is of limited use. The bomb dropped on hiroshima was a big blast, but not compared to a modern fusion bomb. The largest bombs currently in service in America are equivalent to 1.2 million tons of TNT. During the Cold War, America kept bombs with yields greater than 9 million tons. 550 tons is what, 1/30 the size of Hiroshima? Such bombs are useful in battles, but if thats the best NK can do they aren't in the same league as the other nuclear powers, in the sense that a few bombs of that size do not carry the same threat as a few "small" strategic, ie the size of Hirsohima, bombs carry.
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TheLastMohican Donating Member (753 posts) Send PM | Profile | Ignore Mon Oct-09-06 08:28 AM
Response to Reply #8
11. Didn't you get it by now?
Edited on Mon Oct-09-06 08:32 AM by TheLastMohican
Russia is going to do what is best in her interests. And these interests very often run contrary to US interests. Don't forget China and India.
Looks like the forced "democratisation" of North Korea should be put to shelf forever.
Saddam was a stupid guy, he had no nukes, nobody would have touched him if he had.
The days of PNACers are over.
Welcome to the multi-polar world.

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ecstatic Donating Member (1000+ posts) Send PM | Profile | Ignore Mon Oct-09-06 08:52 AM
Response to Reply #8
12. Or is Russia in cahoots with Bush, to inspire fear?
LOL... I believe that's the first time in my life I've spelled out the word 'cahoots' or even seen it in print. Hope I got it right.
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Fovea Donating Member (1000+ posts) Send PM | Profile | Ignore Mon Oct-09-06 09:43 AM
Response to Reply #8
13. I strenuously disagree with this assessment.
Edited on Mon Oct-09-06 09:53 AM by realpolitik
1. no fission device is trivial if detonated over a key soft facility. The cleanup alone would be an economy stomper. I am thinking, say, Seattle, San Francisco, or San Diego. This puts at risk any military presence we have in the region, and creates incentive for non nuclear states to develop their own weapons.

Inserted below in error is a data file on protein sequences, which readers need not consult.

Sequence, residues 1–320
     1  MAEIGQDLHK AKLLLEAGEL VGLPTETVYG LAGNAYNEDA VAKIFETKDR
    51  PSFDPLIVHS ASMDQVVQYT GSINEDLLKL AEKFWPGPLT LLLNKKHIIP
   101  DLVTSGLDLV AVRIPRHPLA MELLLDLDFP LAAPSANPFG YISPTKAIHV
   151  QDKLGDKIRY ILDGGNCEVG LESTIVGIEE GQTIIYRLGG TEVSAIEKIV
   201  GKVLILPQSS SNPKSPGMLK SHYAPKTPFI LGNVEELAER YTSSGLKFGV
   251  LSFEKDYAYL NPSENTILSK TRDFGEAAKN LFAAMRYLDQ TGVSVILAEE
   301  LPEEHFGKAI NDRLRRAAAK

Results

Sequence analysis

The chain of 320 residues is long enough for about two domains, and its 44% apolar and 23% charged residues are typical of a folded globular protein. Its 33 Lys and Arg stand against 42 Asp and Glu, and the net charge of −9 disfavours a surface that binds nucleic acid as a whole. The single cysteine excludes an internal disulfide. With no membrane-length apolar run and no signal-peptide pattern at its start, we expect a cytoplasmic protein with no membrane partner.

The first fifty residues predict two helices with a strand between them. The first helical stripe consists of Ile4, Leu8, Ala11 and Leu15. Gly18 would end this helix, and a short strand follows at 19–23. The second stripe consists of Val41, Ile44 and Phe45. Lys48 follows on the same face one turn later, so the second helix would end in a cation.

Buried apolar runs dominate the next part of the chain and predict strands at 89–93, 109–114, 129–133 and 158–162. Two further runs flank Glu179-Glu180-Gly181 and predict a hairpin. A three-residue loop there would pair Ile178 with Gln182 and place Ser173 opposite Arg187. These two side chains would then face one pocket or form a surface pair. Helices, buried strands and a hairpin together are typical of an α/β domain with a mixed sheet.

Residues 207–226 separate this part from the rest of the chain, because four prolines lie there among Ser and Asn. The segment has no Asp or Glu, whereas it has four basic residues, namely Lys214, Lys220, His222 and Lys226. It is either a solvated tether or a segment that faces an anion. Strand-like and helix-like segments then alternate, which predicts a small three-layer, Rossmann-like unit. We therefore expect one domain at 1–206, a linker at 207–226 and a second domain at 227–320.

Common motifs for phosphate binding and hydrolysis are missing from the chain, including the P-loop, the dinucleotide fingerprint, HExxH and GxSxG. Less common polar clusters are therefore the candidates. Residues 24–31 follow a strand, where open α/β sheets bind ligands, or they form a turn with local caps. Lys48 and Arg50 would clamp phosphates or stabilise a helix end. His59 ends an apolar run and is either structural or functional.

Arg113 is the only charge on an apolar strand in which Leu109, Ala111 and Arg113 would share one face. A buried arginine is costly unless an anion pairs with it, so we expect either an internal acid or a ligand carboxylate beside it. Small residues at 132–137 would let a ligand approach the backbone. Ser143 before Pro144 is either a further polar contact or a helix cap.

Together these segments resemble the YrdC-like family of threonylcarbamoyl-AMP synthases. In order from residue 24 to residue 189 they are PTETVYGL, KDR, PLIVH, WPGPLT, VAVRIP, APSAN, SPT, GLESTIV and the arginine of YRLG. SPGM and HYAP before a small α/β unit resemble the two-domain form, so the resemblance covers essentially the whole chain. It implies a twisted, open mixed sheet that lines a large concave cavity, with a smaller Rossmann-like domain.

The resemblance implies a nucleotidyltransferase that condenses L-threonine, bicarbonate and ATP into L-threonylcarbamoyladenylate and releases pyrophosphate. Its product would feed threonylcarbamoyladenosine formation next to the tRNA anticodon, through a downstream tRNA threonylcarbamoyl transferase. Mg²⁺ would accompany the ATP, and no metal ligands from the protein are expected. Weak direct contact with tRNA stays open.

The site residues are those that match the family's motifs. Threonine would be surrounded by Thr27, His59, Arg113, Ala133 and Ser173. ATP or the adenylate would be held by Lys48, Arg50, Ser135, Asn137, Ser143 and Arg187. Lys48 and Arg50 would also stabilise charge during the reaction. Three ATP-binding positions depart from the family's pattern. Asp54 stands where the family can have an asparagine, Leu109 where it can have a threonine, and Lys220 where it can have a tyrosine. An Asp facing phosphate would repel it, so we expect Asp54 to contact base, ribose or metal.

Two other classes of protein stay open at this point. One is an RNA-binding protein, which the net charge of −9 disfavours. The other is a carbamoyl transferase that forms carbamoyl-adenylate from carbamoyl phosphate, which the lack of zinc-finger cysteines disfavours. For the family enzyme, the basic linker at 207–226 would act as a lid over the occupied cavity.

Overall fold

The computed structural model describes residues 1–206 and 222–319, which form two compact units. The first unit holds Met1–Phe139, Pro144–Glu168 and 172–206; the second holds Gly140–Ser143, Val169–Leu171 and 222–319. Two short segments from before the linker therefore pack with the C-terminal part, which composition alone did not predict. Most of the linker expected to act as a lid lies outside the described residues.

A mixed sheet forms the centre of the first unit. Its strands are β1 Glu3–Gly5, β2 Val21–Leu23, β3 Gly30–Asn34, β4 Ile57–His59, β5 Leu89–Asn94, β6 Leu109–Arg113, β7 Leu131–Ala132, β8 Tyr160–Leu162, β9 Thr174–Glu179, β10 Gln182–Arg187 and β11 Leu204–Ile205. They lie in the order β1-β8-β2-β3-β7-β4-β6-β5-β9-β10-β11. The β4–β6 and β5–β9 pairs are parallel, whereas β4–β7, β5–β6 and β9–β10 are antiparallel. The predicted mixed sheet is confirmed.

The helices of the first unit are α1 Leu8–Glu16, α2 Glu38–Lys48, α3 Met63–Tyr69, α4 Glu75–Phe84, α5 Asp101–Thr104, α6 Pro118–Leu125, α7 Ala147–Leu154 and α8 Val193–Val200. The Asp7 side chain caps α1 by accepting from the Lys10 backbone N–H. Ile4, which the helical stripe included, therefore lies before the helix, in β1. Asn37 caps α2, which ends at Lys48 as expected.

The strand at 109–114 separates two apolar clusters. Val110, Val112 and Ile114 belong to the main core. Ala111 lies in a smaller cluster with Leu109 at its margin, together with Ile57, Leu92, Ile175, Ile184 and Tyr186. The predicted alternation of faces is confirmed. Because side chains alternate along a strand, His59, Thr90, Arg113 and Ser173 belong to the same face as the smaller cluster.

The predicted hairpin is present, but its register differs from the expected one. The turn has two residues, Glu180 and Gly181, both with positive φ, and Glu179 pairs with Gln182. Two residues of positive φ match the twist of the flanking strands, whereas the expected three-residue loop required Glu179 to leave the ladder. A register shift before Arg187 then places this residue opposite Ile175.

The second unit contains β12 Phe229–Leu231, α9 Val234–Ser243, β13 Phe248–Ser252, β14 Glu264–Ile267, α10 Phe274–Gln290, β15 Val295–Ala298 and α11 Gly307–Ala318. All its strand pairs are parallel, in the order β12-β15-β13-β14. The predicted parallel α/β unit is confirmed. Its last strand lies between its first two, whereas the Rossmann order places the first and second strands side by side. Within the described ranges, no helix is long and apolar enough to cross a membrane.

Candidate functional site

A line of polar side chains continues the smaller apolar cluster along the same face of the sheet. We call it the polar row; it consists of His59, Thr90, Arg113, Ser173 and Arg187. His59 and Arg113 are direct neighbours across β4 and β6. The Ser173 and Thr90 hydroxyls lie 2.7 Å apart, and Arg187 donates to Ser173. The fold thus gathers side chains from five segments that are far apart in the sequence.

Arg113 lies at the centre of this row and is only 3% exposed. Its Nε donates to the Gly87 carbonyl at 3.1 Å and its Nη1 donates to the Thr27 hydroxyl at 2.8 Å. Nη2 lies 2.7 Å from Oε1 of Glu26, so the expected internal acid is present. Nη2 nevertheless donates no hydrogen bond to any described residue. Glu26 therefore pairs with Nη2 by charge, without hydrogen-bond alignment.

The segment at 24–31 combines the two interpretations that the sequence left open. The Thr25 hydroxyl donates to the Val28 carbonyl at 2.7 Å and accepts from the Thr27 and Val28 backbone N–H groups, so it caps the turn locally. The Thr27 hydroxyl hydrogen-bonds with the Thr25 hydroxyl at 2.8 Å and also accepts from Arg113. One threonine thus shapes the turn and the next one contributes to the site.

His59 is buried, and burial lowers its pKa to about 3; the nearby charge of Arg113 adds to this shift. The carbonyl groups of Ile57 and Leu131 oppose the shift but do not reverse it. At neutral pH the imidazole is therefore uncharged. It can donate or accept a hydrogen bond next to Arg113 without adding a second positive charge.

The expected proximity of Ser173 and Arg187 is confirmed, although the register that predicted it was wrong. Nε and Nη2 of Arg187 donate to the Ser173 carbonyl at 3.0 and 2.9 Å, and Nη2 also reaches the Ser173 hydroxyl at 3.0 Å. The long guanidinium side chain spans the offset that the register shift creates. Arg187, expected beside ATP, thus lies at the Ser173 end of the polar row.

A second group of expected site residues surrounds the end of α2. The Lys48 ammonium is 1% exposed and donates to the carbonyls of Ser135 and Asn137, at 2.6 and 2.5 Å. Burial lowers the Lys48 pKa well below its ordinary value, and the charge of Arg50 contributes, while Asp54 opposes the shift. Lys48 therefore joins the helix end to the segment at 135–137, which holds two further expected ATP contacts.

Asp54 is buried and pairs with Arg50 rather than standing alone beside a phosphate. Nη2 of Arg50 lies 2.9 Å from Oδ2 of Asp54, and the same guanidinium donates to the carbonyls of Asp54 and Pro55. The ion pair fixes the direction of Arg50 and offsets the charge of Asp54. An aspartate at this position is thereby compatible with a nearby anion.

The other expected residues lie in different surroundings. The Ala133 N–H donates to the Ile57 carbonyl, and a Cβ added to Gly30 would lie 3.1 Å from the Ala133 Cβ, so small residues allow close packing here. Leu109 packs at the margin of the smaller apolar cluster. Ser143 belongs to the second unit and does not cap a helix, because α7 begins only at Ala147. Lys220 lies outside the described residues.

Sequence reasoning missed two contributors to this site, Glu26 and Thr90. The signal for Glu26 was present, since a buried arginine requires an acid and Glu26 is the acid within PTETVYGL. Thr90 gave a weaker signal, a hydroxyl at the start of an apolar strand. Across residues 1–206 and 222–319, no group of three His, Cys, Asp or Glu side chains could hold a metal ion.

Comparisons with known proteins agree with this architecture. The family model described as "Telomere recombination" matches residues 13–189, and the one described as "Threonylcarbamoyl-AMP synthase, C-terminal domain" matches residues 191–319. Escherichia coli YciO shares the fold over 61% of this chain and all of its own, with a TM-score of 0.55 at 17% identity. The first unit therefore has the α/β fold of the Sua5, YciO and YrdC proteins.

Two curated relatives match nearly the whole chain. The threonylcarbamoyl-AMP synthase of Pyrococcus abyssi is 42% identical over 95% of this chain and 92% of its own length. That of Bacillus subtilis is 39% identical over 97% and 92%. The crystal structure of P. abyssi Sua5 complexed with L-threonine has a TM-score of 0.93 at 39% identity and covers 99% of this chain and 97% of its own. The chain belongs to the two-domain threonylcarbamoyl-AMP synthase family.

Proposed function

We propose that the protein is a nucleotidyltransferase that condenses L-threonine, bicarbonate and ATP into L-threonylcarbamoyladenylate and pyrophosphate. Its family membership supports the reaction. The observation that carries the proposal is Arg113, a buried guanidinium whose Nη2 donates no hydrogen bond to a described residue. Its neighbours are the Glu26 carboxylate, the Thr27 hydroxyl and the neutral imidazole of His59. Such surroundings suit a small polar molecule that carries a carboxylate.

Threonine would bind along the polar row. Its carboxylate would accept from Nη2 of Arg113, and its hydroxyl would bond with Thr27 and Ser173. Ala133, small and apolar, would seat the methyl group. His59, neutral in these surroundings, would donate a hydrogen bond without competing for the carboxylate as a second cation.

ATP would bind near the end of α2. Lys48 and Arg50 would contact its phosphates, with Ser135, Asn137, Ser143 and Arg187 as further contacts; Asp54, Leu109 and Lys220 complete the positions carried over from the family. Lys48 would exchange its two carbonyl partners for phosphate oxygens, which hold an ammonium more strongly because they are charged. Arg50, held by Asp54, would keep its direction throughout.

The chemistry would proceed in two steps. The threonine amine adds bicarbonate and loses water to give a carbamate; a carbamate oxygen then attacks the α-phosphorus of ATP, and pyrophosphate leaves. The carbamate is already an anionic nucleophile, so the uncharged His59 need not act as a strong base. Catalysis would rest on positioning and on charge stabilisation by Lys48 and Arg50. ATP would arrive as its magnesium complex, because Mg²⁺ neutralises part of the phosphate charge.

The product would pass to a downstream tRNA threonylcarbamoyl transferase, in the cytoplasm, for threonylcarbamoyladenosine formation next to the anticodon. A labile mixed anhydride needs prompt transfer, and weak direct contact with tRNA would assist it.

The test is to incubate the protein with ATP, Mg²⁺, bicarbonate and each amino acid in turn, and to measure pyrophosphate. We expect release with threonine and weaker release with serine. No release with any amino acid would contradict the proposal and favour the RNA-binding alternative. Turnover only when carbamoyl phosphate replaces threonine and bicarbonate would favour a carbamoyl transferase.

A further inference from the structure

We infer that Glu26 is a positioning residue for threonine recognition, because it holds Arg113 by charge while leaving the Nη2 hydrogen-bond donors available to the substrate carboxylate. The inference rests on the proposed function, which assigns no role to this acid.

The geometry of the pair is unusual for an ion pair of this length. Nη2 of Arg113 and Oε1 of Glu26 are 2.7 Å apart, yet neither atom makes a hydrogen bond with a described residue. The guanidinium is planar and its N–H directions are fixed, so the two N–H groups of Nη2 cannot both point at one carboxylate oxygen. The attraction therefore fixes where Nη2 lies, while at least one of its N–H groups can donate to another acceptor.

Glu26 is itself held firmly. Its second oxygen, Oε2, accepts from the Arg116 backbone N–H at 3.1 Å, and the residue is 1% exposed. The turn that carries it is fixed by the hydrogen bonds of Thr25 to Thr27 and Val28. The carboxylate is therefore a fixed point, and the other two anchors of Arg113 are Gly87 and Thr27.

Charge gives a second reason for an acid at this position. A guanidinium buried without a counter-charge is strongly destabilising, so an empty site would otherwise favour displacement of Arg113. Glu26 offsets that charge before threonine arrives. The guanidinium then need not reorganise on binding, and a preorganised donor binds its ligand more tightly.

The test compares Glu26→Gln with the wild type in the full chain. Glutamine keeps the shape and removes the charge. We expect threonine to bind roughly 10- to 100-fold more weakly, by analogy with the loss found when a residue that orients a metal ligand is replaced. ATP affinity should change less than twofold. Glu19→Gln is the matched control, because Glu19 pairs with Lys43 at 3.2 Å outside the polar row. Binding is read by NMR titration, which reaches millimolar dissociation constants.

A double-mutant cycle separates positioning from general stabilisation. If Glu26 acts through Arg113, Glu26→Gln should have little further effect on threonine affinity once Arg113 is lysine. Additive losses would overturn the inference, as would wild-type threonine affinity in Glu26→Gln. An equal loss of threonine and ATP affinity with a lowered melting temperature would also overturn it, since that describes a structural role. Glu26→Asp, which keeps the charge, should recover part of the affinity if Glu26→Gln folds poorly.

2. The SK govt has as much reason to downsell the yield as the Russians might have to upscale it.

3. By saying that a B1 bomber could drop an equivalent load of conventional explosive you dismiss portability. A MOAB bomb, or even a Daisy Cutter, takes a bit of heavy lifting to get where you need it. Back in the 60;s, we had the Davy Crockett tactical nuke on a field recoiless stand that looked like an anti-tank weapon, and delivered ~1KT IIRC. Nukes are deadlier because they are easier to deliver than a MOAB. The American backpack bomb, the w54SADM is a case in point. Imagine the OKC bomb only in a backpack as opposed to a box van, then multiply x4 and add decontam and triage/treatment complications.

4. a small yield device being only good for terrorists... uhhh. Even if you were right, that is still bad news.

5. I also think that you will find that Mr. Kim's deterrent effect will be just fine and dandy.

6. One potential October surprise target off the table. At least I hope so.
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Richard Steele Donating Member (1000+ posts) Send PM | Profile | Ignore Mon Oct-09-06 10:05 AM
Response to Reply #8
14. Stuff and nonsense. Pfft.
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jpak Donating Member (1000+ posts) Send PM | Profile | Ignore Mon Oct-09-06 12:50 PM
Response to Reply #8
15. This was a political statement test - not a weapons test
If I was Lil' Kim and had a limited quantity of Pu, I would not squander it on a dick wagging exercise like this.

They made their point - they have the ways and means to build atomic weapons.

Weaponizing it is the next step...

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daleo Donating Member (1000+ posts) Send PM | Profile | Ignore Mon Oct-09-06 07:07 PM
Response to Reply #8
17. The biggest MOABs have been about 20 tons TNT equivalent
So 500 tons would be like 25 MOABS. It's not small.